Pull the barbell towards your belly and squeeze your shoulder blades together at the top of the movement. Then, lower the barbell down. Do 3-4 sets of 8-12 reps and engage your core to avoid using momentum to lift the weight.

3. Good Mornings

  • Muscles worked: Lower back, hamstrings, glutes
  • Variations: Dumbbell good mornings, banded good mornings
  • Alternatives: Romanian deadlifts, stiff-legged deadlifts
  • Equipment: Barbell

Good mornings do a fantastic job at targeting your lower back, hamstrings, and glutes, and they promote strength and stability in the posterior chain.

Besides having a strong lower back, another thing good mornings will benefit is your hip hinge mechanics, they’ll strengthen the muscles along your spine,  and overall, they can improve your lifting performance in general.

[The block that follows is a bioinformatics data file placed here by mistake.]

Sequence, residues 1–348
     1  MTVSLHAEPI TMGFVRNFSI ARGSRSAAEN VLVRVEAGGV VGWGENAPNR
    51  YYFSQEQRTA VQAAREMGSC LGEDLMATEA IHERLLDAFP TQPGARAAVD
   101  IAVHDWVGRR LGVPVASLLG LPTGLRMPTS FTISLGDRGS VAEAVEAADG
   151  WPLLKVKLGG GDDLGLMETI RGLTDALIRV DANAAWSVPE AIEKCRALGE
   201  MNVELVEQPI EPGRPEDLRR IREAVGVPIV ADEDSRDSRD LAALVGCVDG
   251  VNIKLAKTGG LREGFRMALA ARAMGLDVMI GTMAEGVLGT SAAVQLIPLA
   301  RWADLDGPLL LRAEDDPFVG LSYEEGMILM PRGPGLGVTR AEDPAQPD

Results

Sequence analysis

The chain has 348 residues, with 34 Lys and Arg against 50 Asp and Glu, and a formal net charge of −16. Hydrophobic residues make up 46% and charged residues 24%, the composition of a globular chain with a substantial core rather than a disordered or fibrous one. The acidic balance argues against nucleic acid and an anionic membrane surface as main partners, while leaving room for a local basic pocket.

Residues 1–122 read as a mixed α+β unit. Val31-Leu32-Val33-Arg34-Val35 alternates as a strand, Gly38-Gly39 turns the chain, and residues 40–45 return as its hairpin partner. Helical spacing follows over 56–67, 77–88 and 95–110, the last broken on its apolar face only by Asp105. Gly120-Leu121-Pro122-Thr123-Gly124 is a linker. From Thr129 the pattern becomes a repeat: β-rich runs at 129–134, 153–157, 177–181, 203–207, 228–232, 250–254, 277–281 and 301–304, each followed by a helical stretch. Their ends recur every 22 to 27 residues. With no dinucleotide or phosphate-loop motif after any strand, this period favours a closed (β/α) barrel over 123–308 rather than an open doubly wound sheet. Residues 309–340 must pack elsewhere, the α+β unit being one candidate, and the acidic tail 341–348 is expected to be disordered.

Good Mornings

Compared to Romanian deadlifts, good mornings focus more on your lower back, and you might get away with using lighter weights. Romanian deadlifts are still a good alternative, but good mornings are just better if you want to target the lower back specifically and, of course, if you like working with a bit less weight. 

Place a barbell across your upper back and rest it on your traps. Your feet should be shoulder-width apart and your knees need to be bent a little. Hinge at the hips, keeping your back flat and core engaged to maintain a neutral spine.

Lower your upper body until you feel a stretch in your hamstrings (but don’t round your back), then powerfully extend your hips to return to the starting position. Do 3-4 sets of 8-12 reps and focus on maintaining a neutral spine to avoid putting too much stress on your lower back.